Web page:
Francis POULENC (1899-1963) Chamber Music
Violin Sonata, FP 119 (1942/43, rev.1949) [19.33]
Flute Sonata, FP 164 (1957) [12.18]
6 pieces from set of Improvisations for solo piano (1932/59) [12.01]
Sonata for Two Pianos, FP 156 (1952/53) [24.40]
Henrik Wiese (flute); Kolja Lessing (violin); Alexander Wienand (piano) (Improvisations Nos. 3, 8, 10; FP 156); Eva-Maria May (piano) (FP 119, FP 164; Improvisations Nos 1, 5, 7; FP 156)
rec. 2014/15 Rossini Saal, Bad Kissingen; Großer Saal, Musikhochschule Würzburg;
Kammermusiksaal, Steingräber, Bayreuth . PALADINO MUSIC PMR0049 [68:35]
Much loved by his circle of friends, Parisian composer Francis Poulenc seemed incapable of writing anything unappealing or uninteresting. Claude Rostand affectionately described his friend Poulenc as “part monk, part rascal”. An exquisite craftsman, Poulenc wrote in most genres: eminently accessible songs, instrumental, chamber, orchestral music and opera all generally bursting with melody, alive with charm and abounding in joie de vivre. On the other hand his powerful opera Dialogues des Carmélites set against the fear and disorder of the French Revolution and a number of late sacred choral works show a more serious side.
In 1942/43 Poulenc composed his Violin Sonata in occupied France where he remained during the war years. Premièred in Paris in 1943 by Ginette Neveu with Poulenc accompanying the sonata was revised in 1949. One of the composer’s most heartfelt compositions the score bears a dedication to Spanish poet and dramatist Federico García Lorca who was murdered by Nationalist forces at the outbreak of the Spanish Civil War. Violinist Kolja Lessing and pianist Eva-Maria May are on sparkling form in the opening Allegro and communicate a sombre quality to the central Intermezzo that serves as an elegy for Lorca. Passionately committed playing marks the Finale: Presto tragico creating a sound-world predominantly inflected with frantic anxiety.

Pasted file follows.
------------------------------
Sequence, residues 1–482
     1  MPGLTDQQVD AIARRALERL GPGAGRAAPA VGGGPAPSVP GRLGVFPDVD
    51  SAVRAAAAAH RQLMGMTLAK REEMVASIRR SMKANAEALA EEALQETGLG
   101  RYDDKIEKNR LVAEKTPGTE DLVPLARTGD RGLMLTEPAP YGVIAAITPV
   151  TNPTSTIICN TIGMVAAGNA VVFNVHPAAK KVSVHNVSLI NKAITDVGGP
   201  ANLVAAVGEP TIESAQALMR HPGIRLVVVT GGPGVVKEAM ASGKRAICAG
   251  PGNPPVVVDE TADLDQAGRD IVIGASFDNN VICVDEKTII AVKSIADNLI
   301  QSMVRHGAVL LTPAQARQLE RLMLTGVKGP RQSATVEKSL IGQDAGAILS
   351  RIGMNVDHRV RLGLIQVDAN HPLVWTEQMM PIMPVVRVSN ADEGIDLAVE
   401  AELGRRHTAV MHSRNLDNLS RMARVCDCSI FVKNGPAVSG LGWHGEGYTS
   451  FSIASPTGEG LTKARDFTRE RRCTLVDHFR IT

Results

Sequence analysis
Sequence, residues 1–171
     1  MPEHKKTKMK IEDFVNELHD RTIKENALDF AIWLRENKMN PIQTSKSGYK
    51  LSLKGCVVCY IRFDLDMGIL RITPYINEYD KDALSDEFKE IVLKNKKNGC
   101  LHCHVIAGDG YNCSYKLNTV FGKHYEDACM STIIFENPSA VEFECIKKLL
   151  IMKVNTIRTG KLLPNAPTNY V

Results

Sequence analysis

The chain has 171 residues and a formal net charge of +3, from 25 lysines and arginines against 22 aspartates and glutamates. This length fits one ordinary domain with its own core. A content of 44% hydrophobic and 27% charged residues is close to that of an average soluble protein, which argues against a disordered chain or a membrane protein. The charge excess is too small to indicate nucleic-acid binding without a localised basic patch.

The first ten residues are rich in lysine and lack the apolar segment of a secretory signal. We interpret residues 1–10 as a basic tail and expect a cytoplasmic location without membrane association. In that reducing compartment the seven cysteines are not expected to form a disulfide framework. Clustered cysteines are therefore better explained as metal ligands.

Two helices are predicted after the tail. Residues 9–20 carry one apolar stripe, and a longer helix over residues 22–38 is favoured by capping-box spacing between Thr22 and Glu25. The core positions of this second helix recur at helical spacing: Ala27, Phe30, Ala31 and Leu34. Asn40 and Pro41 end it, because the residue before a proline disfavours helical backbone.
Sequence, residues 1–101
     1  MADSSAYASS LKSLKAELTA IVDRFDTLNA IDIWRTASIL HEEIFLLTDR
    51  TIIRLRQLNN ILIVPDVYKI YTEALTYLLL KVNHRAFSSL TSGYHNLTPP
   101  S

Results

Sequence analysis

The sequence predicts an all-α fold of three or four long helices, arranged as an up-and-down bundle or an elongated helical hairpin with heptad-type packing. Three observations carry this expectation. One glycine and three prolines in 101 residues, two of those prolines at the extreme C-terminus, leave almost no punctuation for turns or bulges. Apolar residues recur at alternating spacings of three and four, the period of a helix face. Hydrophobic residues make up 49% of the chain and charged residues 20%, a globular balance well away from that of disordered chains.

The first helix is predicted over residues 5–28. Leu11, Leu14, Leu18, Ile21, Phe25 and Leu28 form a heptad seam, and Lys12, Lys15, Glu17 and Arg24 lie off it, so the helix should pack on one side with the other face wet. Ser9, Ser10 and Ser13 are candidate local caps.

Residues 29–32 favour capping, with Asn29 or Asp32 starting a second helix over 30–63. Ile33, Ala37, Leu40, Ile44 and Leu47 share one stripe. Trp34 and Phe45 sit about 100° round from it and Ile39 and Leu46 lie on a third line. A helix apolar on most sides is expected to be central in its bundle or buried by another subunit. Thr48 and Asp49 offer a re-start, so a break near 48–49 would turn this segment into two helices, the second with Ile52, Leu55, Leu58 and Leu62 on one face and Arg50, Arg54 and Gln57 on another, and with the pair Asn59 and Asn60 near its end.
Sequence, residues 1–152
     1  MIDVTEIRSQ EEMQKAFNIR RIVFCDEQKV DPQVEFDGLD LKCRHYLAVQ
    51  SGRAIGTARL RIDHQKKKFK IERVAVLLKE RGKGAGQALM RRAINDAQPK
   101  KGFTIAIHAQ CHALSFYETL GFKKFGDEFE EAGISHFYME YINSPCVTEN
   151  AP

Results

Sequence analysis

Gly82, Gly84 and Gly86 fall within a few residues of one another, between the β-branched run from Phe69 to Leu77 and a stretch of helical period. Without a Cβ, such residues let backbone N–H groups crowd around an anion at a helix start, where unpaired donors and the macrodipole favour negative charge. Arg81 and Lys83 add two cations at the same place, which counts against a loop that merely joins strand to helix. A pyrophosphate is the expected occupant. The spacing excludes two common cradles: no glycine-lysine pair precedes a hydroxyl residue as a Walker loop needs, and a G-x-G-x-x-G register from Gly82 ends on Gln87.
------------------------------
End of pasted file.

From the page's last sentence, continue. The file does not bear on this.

Written in 1957 for flautist Jean-Pierre Rampal, the enduringly popular Flute Sonata is dedicated to the memory of American music patron Elizabeth Sprague Coolidge. Demonstrating their empathy, flautist Henrik Wiese and pianist Eva-Maria May are on splendid form. The remarkable playing of the Allegro malinconico is full of life with the melodic Cantilena radiating a sense of melting infatuation. Bringing the work to a close the scampering Finale marked Presto giocoso swells with impish high spirits.
Between the years 1932/59 Poulenc wrote a collection of 15 character pieces in a range of moods for solo piano known as Improvisations. Wienand and May play three each of the miniatures giving fresh and enjoyable performances. Written in 1952/53 the Sonata for Two Pianos has become an established part of the two piano repertoire. Poulenc dedicated it to American pianists Arthur Gold and Robert Fizdale who gave the première in 1953 at Wigmore Hall, London. Cast in four movements including a Prologue and Epilogue the duo distinguish themselves providing plenty of nuance and a broad tonal palette. I especially enjoyed the reflective Andante lyrico which is played with a restrained passion that reveals an undercurrent of melancholy.
Collectively and individually it would be hard to imagine finer exponents of this marvellous music. Wiese, Lessing, Wienand and May provide sensitively characterised performances. Recorded at three locations under studio conditions the engineering team maintains a consistently high level of sound quality: vividly clear and well balanced. Lovers of French music will relish this beautifully produced release.
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